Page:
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“Allowing oneself to wallow in the rhythm and be soaked up to the eyeballs in music”: Young people dancing in the late 1960s

“Allowing oneself to wallow in the rhythm and be soaked up to the eyeballs in music”: Young people dancing in the late 1960s

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Published by Sarah Mcnicol
In 1968, a survey was conducted among 400 young people (13-23 years) within the ILEA (Inner London Education Authority). The aim was "to find out as much as possible about the part played by dancing in the lives of young people". This is an analysis of data published from the survey.
In 1968, a survey was conducted among 400 young people (13-23 years) within the ILEA (Inner London Education Authority). The aim was "to find out as much as possible about the part played by dancing in the lives of young people". This is an analysis of data published from the survey.

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Published by: Sarah Mcnicol on May 15, 2013
Copyright:Attribution Non-commercial

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“Allowing oneself to wallow in therhythm and be soaked up to theeyeballs in music”: Young peopledancing in the late 1960s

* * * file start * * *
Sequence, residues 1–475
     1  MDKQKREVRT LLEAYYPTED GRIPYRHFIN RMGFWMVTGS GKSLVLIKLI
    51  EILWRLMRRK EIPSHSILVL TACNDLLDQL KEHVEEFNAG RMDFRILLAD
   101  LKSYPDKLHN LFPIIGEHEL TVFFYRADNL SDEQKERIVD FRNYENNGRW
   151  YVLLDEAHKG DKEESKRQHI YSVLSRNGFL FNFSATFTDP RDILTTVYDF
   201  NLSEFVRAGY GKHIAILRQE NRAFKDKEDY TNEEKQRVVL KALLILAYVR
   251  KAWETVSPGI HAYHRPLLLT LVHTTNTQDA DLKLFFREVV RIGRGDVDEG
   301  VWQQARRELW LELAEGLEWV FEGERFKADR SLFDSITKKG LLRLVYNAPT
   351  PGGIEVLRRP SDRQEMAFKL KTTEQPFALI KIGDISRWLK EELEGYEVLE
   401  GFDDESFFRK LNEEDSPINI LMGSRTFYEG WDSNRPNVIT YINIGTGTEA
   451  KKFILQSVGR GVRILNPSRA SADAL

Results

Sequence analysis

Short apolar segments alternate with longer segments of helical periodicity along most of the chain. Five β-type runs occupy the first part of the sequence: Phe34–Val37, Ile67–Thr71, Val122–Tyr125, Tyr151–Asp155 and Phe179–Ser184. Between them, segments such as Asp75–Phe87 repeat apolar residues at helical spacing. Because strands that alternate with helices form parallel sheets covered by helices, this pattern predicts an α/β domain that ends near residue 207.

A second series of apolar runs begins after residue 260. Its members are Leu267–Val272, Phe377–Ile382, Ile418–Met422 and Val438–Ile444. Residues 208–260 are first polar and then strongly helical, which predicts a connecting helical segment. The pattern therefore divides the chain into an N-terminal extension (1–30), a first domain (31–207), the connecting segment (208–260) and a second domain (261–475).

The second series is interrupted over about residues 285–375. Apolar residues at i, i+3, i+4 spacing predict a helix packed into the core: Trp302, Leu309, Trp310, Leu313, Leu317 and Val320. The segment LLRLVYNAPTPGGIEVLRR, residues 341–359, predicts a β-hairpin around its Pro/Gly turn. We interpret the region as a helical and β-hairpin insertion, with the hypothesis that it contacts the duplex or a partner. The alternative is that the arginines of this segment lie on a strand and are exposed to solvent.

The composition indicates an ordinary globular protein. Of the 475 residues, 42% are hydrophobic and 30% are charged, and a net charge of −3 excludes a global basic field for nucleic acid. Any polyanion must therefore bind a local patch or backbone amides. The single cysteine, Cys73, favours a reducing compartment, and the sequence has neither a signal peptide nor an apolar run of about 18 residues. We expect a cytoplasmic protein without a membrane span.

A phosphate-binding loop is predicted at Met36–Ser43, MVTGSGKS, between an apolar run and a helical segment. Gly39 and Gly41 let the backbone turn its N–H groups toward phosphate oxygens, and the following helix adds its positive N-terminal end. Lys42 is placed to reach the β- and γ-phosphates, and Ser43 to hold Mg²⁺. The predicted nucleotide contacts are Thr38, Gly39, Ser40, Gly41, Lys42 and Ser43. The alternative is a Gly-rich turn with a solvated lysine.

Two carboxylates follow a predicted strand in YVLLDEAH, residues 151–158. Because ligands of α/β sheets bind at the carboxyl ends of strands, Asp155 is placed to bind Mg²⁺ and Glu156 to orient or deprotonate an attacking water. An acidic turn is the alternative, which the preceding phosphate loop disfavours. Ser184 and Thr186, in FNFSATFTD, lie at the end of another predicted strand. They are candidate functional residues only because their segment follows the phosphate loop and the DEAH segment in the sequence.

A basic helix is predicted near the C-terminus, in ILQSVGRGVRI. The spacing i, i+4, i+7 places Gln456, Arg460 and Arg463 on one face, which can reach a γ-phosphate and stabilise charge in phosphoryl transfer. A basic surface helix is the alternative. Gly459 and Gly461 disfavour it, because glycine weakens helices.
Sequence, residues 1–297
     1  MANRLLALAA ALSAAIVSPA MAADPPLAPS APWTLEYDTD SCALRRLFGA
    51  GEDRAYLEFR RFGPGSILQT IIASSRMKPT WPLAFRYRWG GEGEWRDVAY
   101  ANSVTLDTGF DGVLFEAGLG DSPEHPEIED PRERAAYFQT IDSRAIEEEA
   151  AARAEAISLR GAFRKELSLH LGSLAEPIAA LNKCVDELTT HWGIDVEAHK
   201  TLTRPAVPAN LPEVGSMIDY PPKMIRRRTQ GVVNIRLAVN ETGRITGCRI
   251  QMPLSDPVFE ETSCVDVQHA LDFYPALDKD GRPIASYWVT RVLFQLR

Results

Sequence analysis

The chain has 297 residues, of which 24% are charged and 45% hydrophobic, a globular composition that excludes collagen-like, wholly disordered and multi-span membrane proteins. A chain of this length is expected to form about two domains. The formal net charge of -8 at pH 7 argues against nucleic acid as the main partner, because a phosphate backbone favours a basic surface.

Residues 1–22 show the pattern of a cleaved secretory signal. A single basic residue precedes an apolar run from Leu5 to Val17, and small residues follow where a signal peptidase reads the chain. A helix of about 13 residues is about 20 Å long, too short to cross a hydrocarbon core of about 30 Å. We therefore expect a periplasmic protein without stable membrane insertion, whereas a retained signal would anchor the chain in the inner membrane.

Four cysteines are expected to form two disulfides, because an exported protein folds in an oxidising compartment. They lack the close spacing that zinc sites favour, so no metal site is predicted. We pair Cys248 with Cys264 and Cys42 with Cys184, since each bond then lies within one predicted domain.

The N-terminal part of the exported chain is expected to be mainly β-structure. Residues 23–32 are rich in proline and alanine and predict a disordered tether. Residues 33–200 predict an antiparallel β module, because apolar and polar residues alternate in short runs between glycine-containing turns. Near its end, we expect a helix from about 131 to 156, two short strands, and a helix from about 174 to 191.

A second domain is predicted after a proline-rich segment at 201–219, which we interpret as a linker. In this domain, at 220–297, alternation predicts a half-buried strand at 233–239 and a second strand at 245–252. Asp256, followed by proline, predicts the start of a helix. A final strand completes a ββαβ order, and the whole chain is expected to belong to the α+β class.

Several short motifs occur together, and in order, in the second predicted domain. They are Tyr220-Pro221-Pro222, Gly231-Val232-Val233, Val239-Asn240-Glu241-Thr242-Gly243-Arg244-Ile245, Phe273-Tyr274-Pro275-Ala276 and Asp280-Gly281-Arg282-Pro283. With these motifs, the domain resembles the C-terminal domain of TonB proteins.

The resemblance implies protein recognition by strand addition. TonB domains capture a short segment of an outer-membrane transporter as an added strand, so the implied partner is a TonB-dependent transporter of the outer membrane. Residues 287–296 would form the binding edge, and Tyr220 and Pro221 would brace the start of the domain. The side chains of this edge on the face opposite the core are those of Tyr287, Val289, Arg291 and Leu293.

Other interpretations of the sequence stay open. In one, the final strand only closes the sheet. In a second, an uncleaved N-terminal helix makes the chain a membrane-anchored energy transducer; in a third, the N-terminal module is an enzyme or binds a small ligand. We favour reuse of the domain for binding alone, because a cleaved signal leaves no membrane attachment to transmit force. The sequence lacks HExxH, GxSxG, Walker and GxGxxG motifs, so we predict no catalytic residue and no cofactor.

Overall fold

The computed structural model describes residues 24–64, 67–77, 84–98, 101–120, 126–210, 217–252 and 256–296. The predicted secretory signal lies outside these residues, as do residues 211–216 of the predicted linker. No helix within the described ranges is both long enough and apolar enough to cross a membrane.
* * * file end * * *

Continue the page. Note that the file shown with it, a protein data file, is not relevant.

Sarah McNicol May 2013
Based on data published in: Rust, Frances (1969), Dance in Society: an analysis of the relationshipbetween the social dance and society, in England, from the middle ages to the present day, London:Routledge & Kegan Paul.
Introduction
Alongside the introduction of the waltz in the nineteenth century and ragtime dances in the earlytwentieth century, the development of solo dances of the 1960s can be seen as one of the mostsignificant changes in social dancing. The introduction of the twist in the early years of the decade, to be followed by ska, rocksteady, beat, shake and similar dances, had a major impact on dancing
 
habits in the UK, especially among those under 25. As part of the growing youth culture, thesepredominantly solo dances were focussed on rhythm, had no formal rules and providedopportunities for individual expression.In 1968, a survey was conducted among 400 young people (13-23 years) within the ILEA (InnerLondon Education Authority). The aim was "to find out as much as possible about the part played bydancing in the lives of young people". An overview of the findings, and tabulated data, are publishedwithin Frances Rust's
Dance in Societ 
y (1969)
1
.In total, 419 young people responded to the survey, 230 male and 189 female. All were in eitherfull-, or part-time education, with approximately one third being in secondary or further educationand two-thirds in higher education.
How often did young people dance?
 
Dancing was clearly a popular hobby; almost three-quarters of young people danced at least once amonth. Girls tended to dance more frequently than boys; 52% of girls danced at least once a weekcompared to 30% of boys. Younger students also danced more often. More than a third of those insecondary or further education went dancing several times a week compared to less than 10% of those in higher education. (Chart 1)